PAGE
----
Cooling Down After Class - Does It Serve Any Purpose?

"If you don't take care of your body, where will you live?" - Author Unknown

        The broad music begins, the grand allegro has been shown, and dancers begin soaring through the air performing saute de chats, grand pas de chats, and tour jetés.  After traveling across the floor, they return to line to perform the combination once more.  The breathing is audible, and the dancers’ faces are flushed.  Their hearts are beating quicker, they are breathing harder and faster, the increased frequency of heart contractions have pumped blood faster through their arteries, and their blood pressures have risen.

            All too often, class time runs out and movement draws to a complete stop.  The teacher dismisses the class, the students bow, clap, and quickly exit the studio to make room for the next class. 

            In order to stay healthy and minimize the stress on the body, it is important for all dancers to learn about the benefits of a cool-down.  Just as the warm-up prepares the body for what is to come, the cool-down slowly returns the body to the pre-exercise, resting state.

            A cool-down is a gradual decrease in activity that allows the heart rate and the breathing, or respiratory, rate to gradually slow down and return to normal.  As this slowing occurs, blood circulation also gradually slows.  Without this gradual decrease in activity, a quick drop in heart rate will decrease the pressure in the arteries rapidly.  This sudden drop in blood pressure can cause dizziness and fainting.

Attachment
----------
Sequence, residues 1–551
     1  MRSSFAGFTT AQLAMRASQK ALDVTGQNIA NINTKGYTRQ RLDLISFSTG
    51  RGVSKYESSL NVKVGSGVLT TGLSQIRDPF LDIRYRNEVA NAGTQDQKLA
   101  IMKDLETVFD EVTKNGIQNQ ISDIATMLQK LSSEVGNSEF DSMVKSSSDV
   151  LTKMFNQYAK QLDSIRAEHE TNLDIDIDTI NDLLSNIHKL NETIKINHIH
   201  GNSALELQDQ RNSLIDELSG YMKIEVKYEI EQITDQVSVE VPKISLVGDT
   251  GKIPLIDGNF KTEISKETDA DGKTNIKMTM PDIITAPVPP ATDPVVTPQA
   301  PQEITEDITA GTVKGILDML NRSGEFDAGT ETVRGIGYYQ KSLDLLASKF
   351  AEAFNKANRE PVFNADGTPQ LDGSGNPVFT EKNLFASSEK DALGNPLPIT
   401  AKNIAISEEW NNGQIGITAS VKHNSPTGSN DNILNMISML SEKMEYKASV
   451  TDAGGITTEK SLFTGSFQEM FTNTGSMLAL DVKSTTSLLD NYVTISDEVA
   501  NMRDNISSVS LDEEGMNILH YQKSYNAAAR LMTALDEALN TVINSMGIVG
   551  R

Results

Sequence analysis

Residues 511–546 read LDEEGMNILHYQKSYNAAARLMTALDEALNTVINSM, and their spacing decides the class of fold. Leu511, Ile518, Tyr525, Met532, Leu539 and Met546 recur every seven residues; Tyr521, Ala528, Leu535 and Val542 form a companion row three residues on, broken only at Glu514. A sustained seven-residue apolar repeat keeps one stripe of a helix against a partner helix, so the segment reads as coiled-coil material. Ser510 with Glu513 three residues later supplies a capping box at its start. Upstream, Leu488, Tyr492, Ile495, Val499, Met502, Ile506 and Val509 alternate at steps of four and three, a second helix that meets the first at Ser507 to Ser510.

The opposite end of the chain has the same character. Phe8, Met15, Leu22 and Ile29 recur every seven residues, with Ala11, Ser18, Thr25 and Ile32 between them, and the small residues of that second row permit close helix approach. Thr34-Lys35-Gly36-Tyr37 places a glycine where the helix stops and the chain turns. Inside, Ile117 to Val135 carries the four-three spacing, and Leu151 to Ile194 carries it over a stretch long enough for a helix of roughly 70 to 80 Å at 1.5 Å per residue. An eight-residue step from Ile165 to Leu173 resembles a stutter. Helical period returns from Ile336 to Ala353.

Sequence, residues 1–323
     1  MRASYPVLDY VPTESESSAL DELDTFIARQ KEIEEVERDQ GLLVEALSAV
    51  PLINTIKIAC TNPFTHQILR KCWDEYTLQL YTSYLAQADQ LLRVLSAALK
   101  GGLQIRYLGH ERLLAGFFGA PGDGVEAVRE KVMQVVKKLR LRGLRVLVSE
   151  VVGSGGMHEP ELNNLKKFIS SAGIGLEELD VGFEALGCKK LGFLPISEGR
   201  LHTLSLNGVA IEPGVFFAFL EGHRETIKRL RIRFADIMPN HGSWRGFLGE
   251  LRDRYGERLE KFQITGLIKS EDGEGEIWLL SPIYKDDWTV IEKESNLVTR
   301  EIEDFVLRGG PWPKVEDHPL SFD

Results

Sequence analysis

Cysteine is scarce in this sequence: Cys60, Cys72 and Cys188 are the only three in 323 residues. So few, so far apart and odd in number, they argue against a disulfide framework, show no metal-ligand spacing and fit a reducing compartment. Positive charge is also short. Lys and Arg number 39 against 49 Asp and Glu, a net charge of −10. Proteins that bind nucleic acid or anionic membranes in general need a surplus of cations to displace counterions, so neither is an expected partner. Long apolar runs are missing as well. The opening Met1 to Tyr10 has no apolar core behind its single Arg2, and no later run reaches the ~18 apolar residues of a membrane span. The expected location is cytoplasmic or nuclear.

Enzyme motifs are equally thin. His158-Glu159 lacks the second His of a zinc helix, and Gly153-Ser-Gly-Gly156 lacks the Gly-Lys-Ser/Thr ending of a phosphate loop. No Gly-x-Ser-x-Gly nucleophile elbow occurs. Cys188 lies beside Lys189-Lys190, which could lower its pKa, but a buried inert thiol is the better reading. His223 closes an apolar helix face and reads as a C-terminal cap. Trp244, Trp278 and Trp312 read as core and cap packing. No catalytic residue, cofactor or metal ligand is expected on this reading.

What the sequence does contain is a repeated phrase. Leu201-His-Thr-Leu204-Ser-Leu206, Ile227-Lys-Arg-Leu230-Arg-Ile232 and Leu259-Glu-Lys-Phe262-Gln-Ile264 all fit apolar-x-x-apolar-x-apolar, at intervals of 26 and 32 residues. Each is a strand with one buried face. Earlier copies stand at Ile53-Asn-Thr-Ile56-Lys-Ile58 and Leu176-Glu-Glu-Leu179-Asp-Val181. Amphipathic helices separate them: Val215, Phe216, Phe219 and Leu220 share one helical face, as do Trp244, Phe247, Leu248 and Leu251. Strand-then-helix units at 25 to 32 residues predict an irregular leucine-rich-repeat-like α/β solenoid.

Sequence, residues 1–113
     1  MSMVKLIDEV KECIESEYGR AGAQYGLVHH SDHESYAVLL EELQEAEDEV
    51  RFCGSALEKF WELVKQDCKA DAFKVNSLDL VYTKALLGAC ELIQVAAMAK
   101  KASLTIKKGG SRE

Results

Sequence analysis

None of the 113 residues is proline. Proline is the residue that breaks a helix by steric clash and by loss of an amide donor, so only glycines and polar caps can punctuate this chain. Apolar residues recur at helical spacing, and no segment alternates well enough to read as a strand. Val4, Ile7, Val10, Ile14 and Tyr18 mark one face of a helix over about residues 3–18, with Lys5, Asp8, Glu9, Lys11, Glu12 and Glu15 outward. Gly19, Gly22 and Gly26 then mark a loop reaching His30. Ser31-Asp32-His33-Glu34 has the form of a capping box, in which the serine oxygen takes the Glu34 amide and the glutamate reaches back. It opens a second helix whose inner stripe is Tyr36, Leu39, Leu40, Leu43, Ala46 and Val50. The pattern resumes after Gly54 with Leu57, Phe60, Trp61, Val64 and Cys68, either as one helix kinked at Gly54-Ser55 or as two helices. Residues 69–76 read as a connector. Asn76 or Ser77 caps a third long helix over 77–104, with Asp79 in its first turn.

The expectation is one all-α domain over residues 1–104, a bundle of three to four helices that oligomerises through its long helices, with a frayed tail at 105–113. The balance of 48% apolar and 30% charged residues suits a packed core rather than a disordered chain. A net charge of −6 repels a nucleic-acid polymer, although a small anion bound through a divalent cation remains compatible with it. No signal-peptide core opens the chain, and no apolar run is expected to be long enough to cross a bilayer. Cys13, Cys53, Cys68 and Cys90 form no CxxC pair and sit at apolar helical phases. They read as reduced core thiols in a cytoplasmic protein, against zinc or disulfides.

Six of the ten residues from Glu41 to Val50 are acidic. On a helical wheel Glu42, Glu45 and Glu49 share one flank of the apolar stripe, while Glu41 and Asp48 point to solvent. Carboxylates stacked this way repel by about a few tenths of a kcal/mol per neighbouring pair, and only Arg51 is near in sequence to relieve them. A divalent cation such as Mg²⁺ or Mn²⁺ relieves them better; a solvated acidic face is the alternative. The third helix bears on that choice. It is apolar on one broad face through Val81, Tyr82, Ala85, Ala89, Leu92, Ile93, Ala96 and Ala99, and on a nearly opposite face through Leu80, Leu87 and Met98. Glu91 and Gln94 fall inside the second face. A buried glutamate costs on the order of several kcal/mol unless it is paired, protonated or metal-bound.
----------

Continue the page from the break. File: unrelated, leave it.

A simple exercise performed at the end of class, similar to a reverence, that incorporates a gradual slowing down of the body is all that is needed.  The exercise might include grand pliés in second position, slow head circles, slow reaches or circles with arms and stretching.  A cool-down is an ideal time for dancers to work on flexibility and range of motion.  The muscles are now completely warm and will not be required to perform any more explosive activities, providing the perfect time for static stretches to be held for 20-30 seconds.  While stretching, the internal temperature of the muscles gradually decreases and, therefore, reduces the chances that muscles will cramp or go into spasm upon leaving the studio.  Muscle cramping becomes a bigger concern during cold, winter months when warm bodies move out into the cold air.  Muscles, like everything else, contract when cooled and will do so quicker when moving from one extreme temperature to another.

            The cool-down takes no longer than 5 minutes at the end of class and provides the benefits of decreasing some of the stress exercise puts on the body, avoids dizziness or fainting, assists in developing range of motion, and helps decrease muscle spasms and cramping after class. 

            If time does not allow for a cool-down in class, each dancer should take responsibility for the health of his or her body and perform an individual cool-down, including stretching.  It will take only a few minutes out of the day, but will keep you dancing healthier, and your body will thank you for it!